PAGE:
The Medieval Stonemason

The Medieval Stonemason
By Carol Davidson Cragoe
Medieval people saw the cathedral as an earthly representation of the heavenly Jerusalem. What
part did the stonemason play in the creation of heaven on earth?
A mason's craft
The medieval mason was not a monk but a highly skilled lay craftsman who combined the roles of
architect, builder, craftsman, designer and engineer. Using only a set of compasses, a set square
and a staff or rope marked off in halves, thirds and fifths, the mason was able to construct some of
the most amazing structures ever built: Gothic cathedrals. Their awesome size combined with their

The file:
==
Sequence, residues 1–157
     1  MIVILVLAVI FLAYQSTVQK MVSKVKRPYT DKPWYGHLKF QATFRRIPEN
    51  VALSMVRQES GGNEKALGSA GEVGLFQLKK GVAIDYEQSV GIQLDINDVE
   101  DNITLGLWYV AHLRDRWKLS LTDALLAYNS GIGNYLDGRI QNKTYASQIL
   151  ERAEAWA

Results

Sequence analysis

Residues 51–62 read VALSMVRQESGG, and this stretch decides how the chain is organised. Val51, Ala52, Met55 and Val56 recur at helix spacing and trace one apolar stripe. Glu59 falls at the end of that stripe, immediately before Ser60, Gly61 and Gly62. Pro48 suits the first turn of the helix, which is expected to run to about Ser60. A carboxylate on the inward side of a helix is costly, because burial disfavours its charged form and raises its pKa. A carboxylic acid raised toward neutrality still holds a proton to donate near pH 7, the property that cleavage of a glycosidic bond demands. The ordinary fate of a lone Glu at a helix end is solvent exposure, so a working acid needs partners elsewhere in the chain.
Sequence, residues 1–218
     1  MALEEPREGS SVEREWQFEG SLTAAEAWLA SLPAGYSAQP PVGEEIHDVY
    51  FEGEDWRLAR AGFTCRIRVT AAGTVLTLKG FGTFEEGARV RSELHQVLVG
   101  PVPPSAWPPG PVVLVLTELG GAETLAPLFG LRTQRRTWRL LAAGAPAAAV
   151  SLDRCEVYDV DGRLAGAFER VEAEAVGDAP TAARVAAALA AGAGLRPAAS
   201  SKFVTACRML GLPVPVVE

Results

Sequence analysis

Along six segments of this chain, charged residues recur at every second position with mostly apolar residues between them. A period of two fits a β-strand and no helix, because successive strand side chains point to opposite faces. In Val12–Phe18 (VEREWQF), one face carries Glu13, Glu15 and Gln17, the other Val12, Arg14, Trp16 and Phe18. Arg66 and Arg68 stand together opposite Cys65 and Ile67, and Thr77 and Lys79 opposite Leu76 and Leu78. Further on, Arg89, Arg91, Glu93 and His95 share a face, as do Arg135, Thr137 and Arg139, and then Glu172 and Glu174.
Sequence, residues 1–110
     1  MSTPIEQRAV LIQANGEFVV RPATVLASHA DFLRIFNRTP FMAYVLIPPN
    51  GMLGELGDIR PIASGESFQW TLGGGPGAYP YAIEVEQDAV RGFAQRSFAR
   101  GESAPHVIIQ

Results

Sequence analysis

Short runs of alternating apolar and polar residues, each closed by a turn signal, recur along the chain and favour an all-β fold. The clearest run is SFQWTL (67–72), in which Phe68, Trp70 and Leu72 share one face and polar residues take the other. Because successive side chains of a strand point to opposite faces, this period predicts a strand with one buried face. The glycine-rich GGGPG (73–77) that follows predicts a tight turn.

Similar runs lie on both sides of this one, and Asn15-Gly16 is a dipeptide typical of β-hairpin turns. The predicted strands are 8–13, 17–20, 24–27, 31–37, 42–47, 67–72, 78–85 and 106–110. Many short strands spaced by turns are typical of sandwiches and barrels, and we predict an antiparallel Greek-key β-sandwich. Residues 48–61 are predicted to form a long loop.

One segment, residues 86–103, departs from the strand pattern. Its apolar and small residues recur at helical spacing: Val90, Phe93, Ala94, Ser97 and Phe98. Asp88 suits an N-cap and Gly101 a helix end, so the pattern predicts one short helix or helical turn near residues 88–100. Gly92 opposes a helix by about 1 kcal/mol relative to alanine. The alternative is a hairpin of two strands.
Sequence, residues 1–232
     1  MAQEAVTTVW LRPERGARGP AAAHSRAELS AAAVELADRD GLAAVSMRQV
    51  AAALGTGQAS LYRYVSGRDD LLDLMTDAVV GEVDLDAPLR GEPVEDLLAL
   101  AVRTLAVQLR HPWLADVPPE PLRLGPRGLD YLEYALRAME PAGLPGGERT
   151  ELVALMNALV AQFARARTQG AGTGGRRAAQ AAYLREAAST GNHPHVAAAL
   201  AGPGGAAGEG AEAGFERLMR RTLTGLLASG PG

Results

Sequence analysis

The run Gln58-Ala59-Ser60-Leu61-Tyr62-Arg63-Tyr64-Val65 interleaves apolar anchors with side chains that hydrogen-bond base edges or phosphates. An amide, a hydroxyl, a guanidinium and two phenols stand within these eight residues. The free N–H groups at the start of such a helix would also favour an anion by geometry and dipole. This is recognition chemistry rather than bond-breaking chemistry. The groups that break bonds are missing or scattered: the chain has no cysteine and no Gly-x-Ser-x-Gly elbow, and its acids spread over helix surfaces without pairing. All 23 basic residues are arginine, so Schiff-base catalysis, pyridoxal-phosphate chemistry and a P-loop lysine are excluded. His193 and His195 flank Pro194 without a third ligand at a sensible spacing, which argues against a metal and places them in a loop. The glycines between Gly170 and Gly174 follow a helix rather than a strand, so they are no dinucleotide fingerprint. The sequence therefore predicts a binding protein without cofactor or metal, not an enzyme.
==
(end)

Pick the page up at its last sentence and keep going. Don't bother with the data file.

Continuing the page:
appearance of lightness and fragility have led people to believe that medieval masons had some
magical secret but this was actually just an understanding of proportion and basic geometry.
Ely Cathedral Contemporary illustrations of master masons show them to have been prosperous
middle class professionals. The men they supervised, who did much of the actual carving and
laying of stone, were like modern skilled tradesmen, and many younger men still learning the
trade worked on the building sites as labourers. Masons shared their secrets openly and many
medieval buildings imitate each other in style and technique. The choir at Lincoln Cathedral, for
instance, is similar to that at Ely, and both copy Westminster Abbey. Designs for the building were
worked out at full scale on tracing floors covered in soft plaster. Such floors survive at Wells